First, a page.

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Many of the large cities in our country, such as New York City, the Bay Area, and Silicon Valley, are facing a peculiar problem. They have booming economies that are generating a lot of new jobs. However, they do not have enough new housing development happening to provide homes for those being employed to fulfill those job vacancies.
One of the obstacles planning commissions and city councils face while proposing affordable housing and large real estate development activities in residential areas is opposition from current residents in the form of the NIMBY movement.
There are a couple of different theories as to when the acronym NIMBY was first used. However, none of these origin stories have any connection to real estate development.
One takes us back to the mid-1970s when electric utility companies wanted to set up nuclear power plants in Seabrook, New Hampshire, and Midland, Michigan. The phrase is said to have been used by residents who protested the construction of these power plants.
Another theory says the acronym was first published by the New York Times in 1983 while reporting on a story about farmers in Colorado who were protesting a hazardous waste development site being built in close proximity to their lands.
What is the NIMBY movement?
NIMBY, an acronym, stands for “Not In My Backyard”, and has become synonymous with those who oppose new housing projects that change the existing structure of neighborhoods in cities.
Before any new housing development project commences, community meetings and consultations are commonplace in order for authorities to get a pulse of what the locals feel about the project. As with any situation, there are those who are pro-development and those who are against it, or the NIMBYs, as they are known.
In particular, they oppose new housing projects that aim to develop large-scale affordable housing, group homes that allow multiple individuals who may have special needs in single-family home neighborhoods, and multi-story residential projects to address the housing crisis in a lot of cities.
There are multiple reasons that irk NIMBY supporters with regard to these development plans. They worry that the security and quality of life of their neighborhoods will be compromised as these projects will encourage people of lower economic backgrounds to move in. This is looked at as a risk of increasing crime rates, rampant theft, violence, and public unrest.
They fear their property taxes will get lowered and their property values will also be affected. Environmental degradation is also featured as a part of their argument against these developmental activities.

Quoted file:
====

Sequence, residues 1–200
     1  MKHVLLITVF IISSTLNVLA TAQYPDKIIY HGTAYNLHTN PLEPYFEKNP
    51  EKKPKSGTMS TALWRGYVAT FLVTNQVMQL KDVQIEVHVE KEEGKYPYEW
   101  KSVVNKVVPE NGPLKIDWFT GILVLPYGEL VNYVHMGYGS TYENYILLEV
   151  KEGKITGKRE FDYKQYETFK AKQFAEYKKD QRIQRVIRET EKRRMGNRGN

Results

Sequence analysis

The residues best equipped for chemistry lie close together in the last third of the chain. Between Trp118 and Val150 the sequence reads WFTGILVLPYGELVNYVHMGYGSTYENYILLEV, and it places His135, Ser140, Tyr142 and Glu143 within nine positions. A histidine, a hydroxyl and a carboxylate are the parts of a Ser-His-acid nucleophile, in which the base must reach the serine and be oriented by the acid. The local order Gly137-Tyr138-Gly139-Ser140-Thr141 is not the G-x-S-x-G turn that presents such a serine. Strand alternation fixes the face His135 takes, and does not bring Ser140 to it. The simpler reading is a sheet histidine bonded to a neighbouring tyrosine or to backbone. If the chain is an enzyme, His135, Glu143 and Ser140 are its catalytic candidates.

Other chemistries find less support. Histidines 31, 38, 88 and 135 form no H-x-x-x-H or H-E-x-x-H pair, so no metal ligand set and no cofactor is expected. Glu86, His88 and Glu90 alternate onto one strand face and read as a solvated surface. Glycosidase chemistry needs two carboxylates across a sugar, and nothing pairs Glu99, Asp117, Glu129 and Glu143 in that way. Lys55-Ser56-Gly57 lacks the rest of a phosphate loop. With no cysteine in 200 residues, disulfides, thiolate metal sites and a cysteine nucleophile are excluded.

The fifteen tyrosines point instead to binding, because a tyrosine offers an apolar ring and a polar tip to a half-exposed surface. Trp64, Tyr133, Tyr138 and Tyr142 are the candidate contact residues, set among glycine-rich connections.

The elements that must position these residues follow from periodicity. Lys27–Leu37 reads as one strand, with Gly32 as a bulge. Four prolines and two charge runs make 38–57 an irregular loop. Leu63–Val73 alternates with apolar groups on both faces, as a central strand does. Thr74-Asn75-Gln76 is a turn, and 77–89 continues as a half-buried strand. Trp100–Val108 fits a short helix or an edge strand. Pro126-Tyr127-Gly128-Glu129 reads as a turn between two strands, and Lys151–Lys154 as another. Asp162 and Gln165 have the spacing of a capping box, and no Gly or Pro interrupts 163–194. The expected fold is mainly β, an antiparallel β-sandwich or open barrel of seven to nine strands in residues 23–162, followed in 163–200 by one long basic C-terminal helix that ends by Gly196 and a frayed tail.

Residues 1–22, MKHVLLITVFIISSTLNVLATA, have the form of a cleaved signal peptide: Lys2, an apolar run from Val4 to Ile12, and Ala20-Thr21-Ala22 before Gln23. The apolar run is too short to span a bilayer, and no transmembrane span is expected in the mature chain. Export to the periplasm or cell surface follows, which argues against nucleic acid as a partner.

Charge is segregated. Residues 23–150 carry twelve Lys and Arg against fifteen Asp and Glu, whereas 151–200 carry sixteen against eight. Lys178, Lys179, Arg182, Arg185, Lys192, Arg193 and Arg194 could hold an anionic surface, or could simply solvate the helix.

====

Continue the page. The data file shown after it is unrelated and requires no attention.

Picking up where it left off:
Under the guise of retaining democratic control over development in their areas, NIMBYs want developers to build absolutely nothing anywhere that might change the socio-economic fabric of their neighborhood. This standpoint often paints the NIMBY movement in a negative light.
Opposing NIMBYs are supporters of the YIMBY movement. YIMBY stands for “Yes In My Backyard”, and is a movement that is for the development of affordable housing solutions in neighborhoods to address the growing housing crises that sees a lot of young, earning members of society unable to afford rent close to their workplaces.
Is it all wrong?
It would be short-sighted to sweep everything the NIMBYs say under the carpet just because they have a reputation for being anti-community development. They actually do make some very valid points in their argument as well.
For one, the more people that are living in a neighborhood, the more cars they will need to commute. This, in turn, is bound to add to the already existing bludgeoning traffic woes in our cities.
The increase in population in these neighborhoods, unless meticulously planned, will also lead to a decrease in the existing green spaces.
An increase in the population will mean more children, which means an increase in school taxes and will drain government coffers to overhaul streets and public infrastructure.
The answer, therefore, is not in ignoring these arguments, but in working with them. The ideal approach would be if zoning authorities worked with both the NIMBYs and YIMBYs to reach solutions that did the least damage to either party.
From a NIMBY standpoint, the approach needs to be what is called “soft NIMBYism.” This is an approach that does not outright oppose affordable housing developments. Instead, it calls for a compromise by making tweaks in the development plans to appease at least some of the NIMBY arguments.